Re: POP3 woes

Hi Peter:

Am 12.02.17 20:01 schrieb(en) Peter Bloomfield:
Or am I completely wrong here?

A high-latency connection would suffer--think satellite.

Well, basically, we save a few tcp packets, and we have a better filling level (payload vs. frame) of the 
remaining ones.  Comparing the size (and overhead) of them with the actual payload (i.e. the message 
streams), I must admit that I still wonder if this is really visible to the user...

On near-broadband, I can see a momentary pause between messages while the "RETR nn" command is sent, but I'd 
guess it's at the millisecond level.

This operations consists of (1) sending the query tcp packet (including all overhead), (2) the lookup of the message in 
the MDA (basically a "data base query", whatever the implementation may be), (3) sending back the data, and 
(4) processing in Balsa.  Depending upon you provider, step (2) may actually be the dominating part.  You could run 
hping against the server to get a /very/ rough feeling about the network vs. MDA latency (and of course you should 
measure the time Balsa needs).

If step (2) is the slowest part, and if the server processes the "next" item without waiting for the transmission of 
the previous one being finished, this may actually speed up /fast/ connections.  For low-bandwidth connections, the "data 
base access" will be much faster than the data transmission anyway.

So, I feel that it's worth keeping pipeline capability, but we definitely need a fix for this broken server.

Just a "heretic" question - are we *really* sure the server is broken, of might there be a flaw in Balsa's 
implementation, which works with some servers, but doesn't with others?  If other MUA's (Thunderbird, Apple Mail Lookout, ...) 
support pipelining (do they?), my feeling is that a bug in the server would have been noticed.  OTOH, RFC 2449 does not look 
complicated.  Did you completely trace the "broken" session?  If it's not encrypted (o.k., it /should/ be!), you could 
even analyse it in Wireshark.

It's actually quite easy to fix for this particular server: the IMPLEMENTATION is part of the CAPA response,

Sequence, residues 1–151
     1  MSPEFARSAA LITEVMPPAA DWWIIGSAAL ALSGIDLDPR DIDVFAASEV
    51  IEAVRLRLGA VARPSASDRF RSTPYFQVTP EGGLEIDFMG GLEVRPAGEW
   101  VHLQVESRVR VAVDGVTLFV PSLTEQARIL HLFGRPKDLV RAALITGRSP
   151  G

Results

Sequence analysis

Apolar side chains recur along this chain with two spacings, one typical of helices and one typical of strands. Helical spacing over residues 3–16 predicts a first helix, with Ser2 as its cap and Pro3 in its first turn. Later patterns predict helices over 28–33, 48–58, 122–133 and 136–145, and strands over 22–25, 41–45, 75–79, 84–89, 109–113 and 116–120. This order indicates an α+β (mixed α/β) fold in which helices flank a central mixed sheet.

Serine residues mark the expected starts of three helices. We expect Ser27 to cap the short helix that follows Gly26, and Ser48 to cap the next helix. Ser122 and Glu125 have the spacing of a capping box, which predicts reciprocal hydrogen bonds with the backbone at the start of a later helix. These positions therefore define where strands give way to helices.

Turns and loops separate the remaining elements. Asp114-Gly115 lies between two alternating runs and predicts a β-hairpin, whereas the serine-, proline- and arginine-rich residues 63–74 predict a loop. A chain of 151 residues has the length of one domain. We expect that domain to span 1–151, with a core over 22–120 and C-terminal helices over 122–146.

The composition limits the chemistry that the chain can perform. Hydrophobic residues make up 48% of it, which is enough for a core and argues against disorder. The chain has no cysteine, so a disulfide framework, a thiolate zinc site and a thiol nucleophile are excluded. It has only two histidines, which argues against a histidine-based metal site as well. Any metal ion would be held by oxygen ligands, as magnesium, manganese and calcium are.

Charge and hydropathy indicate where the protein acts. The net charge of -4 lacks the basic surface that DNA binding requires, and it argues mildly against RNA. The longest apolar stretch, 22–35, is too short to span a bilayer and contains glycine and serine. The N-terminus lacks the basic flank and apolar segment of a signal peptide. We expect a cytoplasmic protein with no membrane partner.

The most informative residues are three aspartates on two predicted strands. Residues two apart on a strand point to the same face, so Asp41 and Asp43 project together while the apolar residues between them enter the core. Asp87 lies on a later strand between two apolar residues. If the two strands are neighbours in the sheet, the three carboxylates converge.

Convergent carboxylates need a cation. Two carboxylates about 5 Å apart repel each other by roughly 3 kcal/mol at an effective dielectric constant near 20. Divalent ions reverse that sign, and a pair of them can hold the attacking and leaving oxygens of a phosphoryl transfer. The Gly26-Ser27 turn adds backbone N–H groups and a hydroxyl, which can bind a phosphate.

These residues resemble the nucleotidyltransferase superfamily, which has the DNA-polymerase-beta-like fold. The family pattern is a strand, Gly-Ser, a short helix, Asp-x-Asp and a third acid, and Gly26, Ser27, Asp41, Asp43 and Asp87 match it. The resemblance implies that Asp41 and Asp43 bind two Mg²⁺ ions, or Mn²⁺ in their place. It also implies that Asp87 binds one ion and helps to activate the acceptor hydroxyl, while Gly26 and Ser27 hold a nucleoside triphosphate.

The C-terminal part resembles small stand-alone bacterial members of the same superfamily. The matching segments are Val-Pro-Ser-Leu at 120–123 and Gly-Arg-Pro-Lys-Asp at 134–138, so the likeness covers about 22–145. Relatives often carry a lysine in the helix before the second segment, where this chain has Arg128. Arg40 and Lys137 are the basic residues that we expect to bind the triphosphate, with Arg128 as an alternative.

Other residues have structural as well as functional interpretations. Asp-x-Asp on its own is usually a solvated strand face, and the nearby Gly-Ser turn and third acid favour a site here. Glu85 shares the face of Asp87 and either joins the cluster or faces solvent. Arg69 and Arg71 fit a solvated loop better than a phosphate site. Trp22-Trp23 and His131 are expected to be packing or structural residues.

so we can easily detect that we're talking to jpop-0.1 and ignore its PIPELINING capability. If other servers 
had the same problem, we could install a blacklist, but at this point it would have only a single entry, so 
hard-coding seems adequate. I'm thinking of adding PopHandle::does_not_pipe.

Blacklists/whitelists are *always* a bad solution IMHO.  You end up maintaining those lists most of the time. 
 And how would you get swift updates into distos?

One alternative would be to add an "Enable pipelining" checkbox to the SMTP server dialog, but its purpose 
would be obscure, and it's not clear how a user would know to disable it, so I'm inclined against that solution.

I think this would be better.  Just don't name the technical details of the implementation, but the intended purpose.  
I.e. something like "Optimise for low-bandwidth connections if possible" (this was my intention of re-naming 
the crypto options the smtp dialogue).

Side note: Actually I didn't implement smtp pipelining (RFC 2920) in my net-client lib, basically due to the 
considerations above, and for simpler error checking, and because the transmission is performed in 
background.  If you feel it would be beneficial, I will add it.


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